Course Syllabus for "ARTH202: Art of Ancient Greece and Rome"
In this course, we will study the art of Classical Antiquity. The different units of the course reflect the main chronological stages in art development in Ancient Greece and Rome, from the coming together of the Greek city-state and the emergence of “geometric art” (around 900 B.C.) to the fourth century A.D. shift that took place within Roman culture and art due to the growing influence of Christianity. We will begin by underlining the unity of our subject matter: Rome not only conquered Greece, but it assimilated Greece’s cultural and artistic accomplishments. In fact, much of what we know of Greek art today we learned through Roman copies. We will also explore the development of Greek architecture, sculpture, and painting up to the Hellenistic period, when Greek art began to influence new parts of the globe through the conquests of Alexander the Great. We will also study the ways in which naturalism and idealism came together as Greek art developed over time. Next, we will turn our attention to Roman art, studying its development from the time of the Roman Republic, a period that overlaps with Greece’s Classical and Hellenistic periods, to the waning of the Western Roman Empire. You will learn that while Roman art was, to a large extent, inspired by Greek art, it also developed its own distinctive characteristics. The artistic traditions of Ancient Greece and Rome ultimately served as the foundation for the art of the Western world; these traditions continue to reverberate to the present day.
Upon successful completion of this course, the student will be able to:
- Explain why ancient Greek and Roman art can be studied together as “the art of Classical Antiquity.”
- Trace the timeline of major events in Ancient Greece and Rome.
- Link important developments in the history of Ancient Greece and Rome to specific geographical contexts.
- Explain how important historical developments and social-historical contexts had an impact on art’s evolution in Ancient Greece and Rome.
- Identify the important stylistic and technical developments of Ancient Greek and Roman art.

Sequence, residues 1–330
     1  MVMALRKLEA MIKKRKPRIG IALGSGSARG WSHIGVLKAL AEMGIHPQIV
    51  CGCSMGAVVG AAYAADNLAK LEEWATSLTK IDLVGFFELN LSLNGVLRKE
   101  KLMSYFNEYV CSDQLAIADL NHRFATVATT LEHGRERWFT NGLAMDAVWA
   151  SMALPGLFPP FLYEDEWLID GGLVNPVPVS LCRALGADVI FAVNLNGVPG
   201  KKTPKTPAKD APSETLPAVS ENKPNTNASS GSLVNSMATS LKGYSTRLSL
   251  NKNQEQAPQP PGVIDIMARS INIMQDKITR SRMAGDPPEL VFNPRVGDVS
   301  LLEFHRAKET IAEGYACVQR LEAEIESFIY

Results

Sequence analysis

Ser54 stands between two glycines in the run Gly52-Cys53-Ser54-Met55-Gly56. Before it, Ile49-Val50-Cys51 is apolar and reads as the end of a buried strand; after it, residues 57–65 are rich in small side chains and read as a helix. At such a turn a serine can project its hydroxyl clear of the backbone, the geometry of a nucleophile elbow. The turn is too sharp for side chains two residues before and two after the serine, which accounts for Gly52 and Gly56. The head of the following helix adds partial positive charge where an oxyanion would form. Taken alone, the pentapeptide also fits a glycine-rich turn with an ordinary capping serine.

- Discuss important artworks, presenting relevant information on each work’s historical context and constitution.
- Discuss important artists in terms of the style of their work.
In order to take this course, you must:
- Have access to a computer.
- Have continuous broadband Internet access.
- Have the ability/permission to install plug-ins or software (e.g.,
Adobe Reader or Flash).
- Have the ability to download and save files and documents to a computer.
- Have the ability to open Microsoft files and documents (.doc, .ppt, .xls, etc.).
- Have competency in the English language.
- Have read the Saylor Student Handbook.
- Have completed ARTH101: Art Appreciation and Techniques, ARTH110: Introduction to Western Art History—Pre-Historic to High Gothic, and ARTH111: Introduction to Western Art History—Proto-Renaissance to Contemporary Art.
Welcome to ARTH 202. Below, please find general information on this course and its requirements.
Course Designer: Elisabeth Miller
Primary Resources: This course requires you to learn from a multiplicity of free online resources. The following resources are among those we will be using repeatedly throughout the entirety of the course:
- Dr. Beth Harris and Dr. Steven Zucker’s online textbook, Smarthistory.org
- Connexions: Jack E. Maxfield’s “A Comprehensive Outline of World History”
- The Metropolitan Museum of Art’s “Heilbrunn Timeline of Art History”
- Diana E. E. Kleiner, Roman Architecture (Yale University: Open Yale Courses), http://oyc.yale.edu (Accessed March 10, 2011) License: Creative Commons BY-NC-SA 3.0. The original version can be found here.
Requirements for Completion: In order to complete this course you will need to work through each unit of the course and pass the Final Exam with a score of 70% or higher. If you do not pass the exam, you may take it again. Most units are comprised of readings, lectures, and videos. Some resources, specifically those from the Open University, also include activities that will help you assimilate the material.
Time Commitment: This course should take you approximately 104 hours to complete. The time advisories listed under each unit title will help you organize your calendar. Units are unequal in the time investment they require on your part so you may want to take a look at the time advisories for each unit before you begin the course. For example, Unit 1 should take you 20 hours to complete. Perhaps you can sit down with your calendar and complete half of subunit 1.1 (about 2.5 hours) on Monday night; the rest of subunit 1.1 (about 2.5 hours) on Tuesday night; half of subunit 1.2 (about 2.5 hours) on Wednesday; the rest of subunit 1.2 (about 2.5 hours) on Thursday; etc.
Tips/Suggestions: Reading the material and listening to the lectures alone will not be sufficient to retain the information you are required to have assimilated before you take the Final Exam. You will need to take careful notes and spend time reviewing. The instructional boxes accompanying the links to the course resources will help you focus your study.